When I made the decision to travel in Africa, I let diving guide me to a starting point. Tanzania and Egypt are well-known for diving but the first had elections scheduled for late October and, given a history of unrest on either side of national elections, I didn’t want to walk into riots. Egypt, similarly, would require me to do some heavy research into where it was safe and where it wasn’t for a woman traveling solo and I didn’t want to start my African journey quite so concerned about my safety. Mozambique quickly became my focus: politically stable, lined with beautiful beaches, reputed to have some incredible diving with whale sharks, manta rays, and humpback whales passing through in October. Tack on the potential to see a dugong, the presence of a family member in Maputo, and tales of a town called Tofo, and I was sold. Tofo, according to everyone I encountered who had been to Mozambique, is a backpacker beach town with unbelievable diving. Lined with manta ray cleaning stations, whale sharks practically resident in the waters, and reefs lined with schools of fish plus a stunning beach and plenty of bars, restaurants, and places to meet and mingle with other divers and travelers. Hearing these stories in Utila and finding similar reports online, I thought perhaps I’d head there and try to find work as a divemaster. But if Tofo turned out not to be my scene, I could head further north to Vilanculos, gateway to the Bazaruto Archipelago, home to some very shy dugongs and also reputed to have excellent diving, although without the whale sharks and fewer mantas. I was excited, giddy even at the prospect of diving the Indian Ocean off the coast of Mozambique.

Love that there’s no trash on the beach between Tofo and Barra!

And that was my first mistake. I adhere to a policy of allowing my hopes to be high but keeping my expectations low. Yet everywhere I turned, I heard nothing but rave reports about Tofo and diving in Mozambique. At the very least, I expected to see manta rays. These beautiful creatures have evaded me for years but with multiple cleaning stations in the area, the chances of seeing them were high. For those of you not familiar with the concept, a cleaning station is an area of coral reef where small cleaner fish reside, waiting for big fish (rays and sharks) in need of cleaning. The little fish eat dead skin, parasites, and other cells on the big fish that nourish the little fish but can be unhealthy for the big ones. Cleaning stations in Malapascua are where I saw thresher sharks so I had every reason to be hopeful. But mantas … I’d only ever seen one, in poor visibility, and with a wall of 20+ divers gathered to watch it. Finally, I thought, I would have a chance to marvel at these majestic creatures. And whale sharks, people said, are everywhere. One dive instructor told me stories of dive boats stopping en route to sites, unable to navigate through or around the high number of massive fish blocking their way. One diver said he saw so many whale sharks, he was no longer excited by them. I’ve snorkeled with whale sharks in Utila and doubt I’ll ever forget the first time I slid into the water and saw one below me. These gentle giants are simply stunning. Expecting to have ample time in the water with them in Tofo, I opted not to jump in with them in Utila, watching from the boat instead. Mistake number two.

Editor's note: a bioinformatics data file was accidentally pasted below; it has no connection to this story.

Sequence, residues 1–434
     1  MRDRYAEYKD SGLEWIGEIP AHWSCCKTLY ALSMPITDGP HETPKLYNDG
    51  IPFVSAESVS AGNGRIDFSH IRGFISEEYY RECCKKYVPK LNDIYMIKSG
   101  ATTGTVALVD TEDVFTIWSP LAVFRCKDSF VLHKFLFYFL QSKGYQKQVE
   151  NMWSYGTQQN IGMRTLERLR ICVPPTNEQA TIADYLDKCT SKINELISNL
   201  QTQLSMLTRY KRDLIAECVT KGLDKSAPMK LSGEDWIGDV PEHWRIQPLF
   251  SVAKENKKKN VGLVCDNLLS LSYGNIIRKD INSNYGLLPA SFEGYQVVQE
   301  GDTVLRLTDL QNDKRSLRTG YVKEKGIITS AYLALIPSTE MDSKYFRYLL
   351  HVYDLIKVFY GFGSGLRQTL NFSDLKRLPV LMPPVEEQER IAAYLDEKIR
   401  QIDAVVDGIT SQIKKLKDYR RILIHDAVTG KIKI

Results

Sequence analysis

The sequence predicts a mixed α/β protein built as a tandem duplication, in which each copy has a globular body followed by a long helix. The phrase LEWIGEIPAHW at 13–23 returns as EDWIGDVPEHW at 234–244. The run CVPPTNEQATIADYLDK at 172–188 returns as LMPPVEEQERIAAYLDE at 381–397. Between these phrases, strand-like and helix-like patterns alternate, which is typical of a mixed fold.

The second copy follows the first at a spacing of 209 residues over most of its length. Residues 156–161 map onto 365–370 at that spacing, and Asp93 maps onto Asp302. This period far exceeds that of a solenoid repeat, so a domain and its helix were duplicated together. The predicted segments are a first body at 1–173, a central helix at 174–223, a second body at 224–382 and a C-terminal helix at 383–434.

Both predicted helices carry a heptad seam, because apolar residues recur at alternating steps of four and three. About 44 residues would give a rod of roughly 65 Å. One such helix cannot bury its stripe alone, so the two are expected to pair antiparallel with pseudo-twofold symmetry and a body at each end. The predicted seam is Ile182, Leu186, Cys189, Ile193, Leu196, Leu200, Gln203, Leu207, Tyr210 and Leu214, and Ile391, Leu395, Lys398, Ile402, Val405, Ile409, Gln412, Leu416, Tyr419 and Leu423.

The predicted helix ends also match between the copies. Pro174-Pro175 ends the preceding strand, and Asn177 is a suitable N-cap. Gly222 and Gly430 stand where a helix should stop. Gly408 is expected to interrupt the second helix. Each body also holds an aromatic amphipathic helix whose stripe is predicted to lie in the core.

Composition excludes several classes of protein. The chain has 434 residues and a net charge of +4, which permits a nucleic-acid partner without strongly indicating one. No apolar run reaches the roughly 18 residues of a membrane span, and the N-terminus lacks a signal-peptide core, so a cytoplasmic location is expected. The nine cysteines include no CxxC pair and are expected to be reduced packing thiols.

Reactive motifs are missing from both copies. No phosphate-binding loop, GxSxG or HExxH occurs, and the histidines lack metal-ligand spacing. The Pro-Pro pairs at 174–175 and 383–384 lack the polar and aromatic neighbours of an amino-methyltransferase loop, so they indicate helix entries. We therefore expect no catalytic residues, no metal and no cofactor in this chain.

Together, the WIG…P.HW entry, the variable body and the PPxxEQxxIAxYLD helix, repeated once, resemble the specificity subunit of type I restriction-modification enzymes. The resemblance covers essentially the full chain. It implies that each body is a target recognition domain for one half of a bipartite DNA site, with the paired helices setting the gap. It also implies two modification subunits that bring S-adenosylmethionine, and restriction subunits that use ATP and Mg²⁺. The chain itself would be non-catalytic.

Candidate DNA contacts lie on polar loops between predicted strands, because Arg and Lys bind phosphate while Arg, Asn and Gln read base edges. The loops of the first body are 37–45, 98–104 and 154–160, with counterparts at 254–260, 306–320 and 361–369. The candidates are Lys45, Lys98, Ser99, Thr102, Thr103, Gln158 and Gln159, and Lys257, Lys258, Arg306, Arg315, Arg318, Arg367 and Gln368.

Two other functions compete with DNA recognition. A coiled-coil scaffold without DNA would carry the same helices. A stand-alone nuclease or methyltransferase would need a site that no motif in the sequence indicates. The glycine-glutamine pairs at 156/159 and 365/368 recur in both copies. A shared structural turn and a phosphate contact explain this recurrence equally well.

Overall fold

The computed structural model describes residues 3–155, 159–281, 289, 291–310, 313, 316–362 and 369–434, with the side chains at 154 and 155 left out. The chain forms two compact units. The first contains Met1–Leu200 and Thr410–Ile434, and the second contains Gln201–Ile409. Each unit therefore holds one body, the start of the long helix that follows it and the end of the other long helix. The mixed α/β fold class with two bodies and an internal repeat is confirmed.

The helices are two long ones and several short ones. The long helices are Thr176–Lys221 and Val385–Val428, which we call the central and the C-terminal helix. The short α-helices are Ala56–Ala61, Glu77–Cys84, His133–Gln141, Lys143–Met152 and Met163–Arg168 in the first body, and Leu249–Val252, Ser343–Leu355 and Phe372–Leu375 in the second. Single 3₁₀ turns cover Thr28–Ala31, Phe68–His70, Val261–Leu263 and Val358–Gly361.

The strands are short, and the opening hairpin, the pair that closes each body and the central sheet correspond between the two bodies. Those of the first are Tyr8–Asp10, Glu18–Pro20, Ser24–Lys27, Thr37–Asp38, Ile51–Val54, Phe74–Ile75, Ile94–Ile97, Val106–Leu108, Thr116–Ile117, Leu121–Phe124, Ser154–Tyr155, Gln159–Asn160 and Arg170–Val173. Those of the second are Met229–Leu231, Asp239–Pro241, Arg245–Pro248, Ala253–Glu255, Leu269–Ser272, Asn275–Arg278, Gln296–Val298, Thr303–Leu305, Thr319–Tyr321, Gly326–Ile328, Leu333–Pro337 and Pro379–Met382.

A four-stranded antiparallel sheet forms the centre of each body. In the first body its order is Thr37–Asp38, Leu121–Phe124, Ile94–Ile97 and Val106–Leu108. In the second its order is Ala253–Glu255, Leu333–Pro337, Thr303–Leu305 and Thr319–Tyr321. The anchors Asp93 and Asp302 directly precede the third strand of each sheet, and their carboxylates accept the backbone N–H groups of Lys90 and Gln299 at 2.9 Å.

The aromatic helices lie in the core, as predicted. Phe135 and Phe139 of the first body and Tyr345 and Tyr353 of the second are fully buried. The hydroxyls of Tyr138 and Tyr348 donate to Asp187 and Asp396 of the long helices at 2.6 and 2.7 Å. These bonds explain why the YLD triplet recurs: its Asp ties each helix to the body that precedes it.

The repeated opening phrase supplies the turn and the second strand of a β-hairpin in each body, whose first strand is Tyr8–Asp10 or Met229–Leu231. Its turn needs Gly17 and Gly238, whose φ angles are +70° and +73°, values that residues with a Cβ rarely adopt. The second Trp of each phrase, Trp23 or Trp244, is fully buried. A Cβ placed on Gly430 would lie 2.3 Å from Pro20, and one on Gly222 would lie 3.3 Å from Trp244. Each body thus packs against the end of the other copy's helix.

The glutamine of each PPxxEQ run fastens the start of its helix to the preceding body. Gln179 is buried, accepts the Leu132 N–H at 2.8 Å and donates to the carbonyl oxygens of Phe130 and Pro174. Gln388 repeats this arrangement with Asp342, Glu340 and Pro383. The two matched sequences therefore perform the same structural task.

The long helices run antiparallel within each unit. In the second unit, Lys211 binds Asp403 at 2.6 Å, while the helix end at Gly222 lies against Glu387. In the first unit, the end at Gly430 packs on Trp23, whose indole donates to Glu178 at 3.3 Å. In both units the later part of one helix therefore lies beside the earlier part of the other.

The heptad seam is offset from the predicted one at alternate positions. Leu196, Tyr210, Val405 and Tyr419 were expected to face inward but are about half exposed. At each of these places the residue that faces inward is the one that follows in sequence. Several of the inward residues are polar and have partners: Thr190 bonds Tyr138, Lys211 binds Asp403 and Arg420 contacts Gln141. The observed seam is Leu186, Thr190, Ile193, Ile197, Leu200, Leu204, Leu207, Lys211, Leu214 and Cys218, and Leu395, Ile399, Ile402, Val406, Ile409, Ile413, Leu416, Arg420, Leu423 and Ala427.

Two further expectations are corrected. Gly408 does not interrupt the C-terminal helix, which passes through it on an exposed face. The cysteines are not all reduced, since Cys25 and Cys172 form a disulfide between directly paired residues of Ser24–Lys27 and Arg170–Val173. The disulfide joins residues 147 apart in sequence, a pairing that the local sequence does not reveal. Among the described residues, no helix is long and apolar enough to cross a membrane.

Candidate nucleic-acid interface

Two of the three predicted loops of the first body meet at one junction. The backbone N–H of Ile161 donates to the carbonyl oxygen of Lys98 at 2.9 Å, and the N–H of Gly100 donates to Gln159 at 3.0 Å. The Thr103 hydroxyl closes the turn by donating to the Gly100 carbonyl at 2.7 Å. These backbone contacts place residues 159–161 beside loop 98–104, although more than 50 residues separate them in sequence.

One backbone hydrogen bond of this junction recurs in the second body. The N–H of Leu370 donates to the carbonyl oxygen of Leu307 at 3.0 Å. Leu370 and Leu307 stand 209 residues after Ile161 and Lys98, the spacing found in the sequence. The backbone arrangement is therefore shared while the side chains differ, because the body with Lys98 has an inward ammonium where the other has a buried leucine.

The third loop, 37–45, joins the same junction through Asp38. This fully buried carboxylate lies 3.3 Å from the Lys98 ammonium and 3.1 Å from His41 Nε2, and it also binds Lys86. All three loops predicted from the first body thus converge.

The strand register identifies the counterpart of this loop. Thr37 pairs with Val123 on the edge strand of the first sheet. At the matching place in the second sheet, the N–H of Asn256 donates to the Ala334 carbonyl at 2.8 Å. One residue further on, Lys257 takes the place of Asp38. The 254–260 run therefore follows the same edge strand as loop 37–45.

Trust me when I say this turtle was BIG.

Before I go any further I feel compelled to state that I have been spoiled by diving in some truly incredible places. My standards for diving are not the same as those of a novice diver who has seen only the waters of one or two spots. I still get excited by all of it: the small things and the big. And I almost always enjoy diving, even if there isn’t much to see. Exceptions exist for extremely poor visibility, battling strong current for no good reason, and water too cold for the exposure protection I’m wearing. Even though I can be content with little, for me to be truly impressed takes more than one friendly potato bass and a sleeping turtle.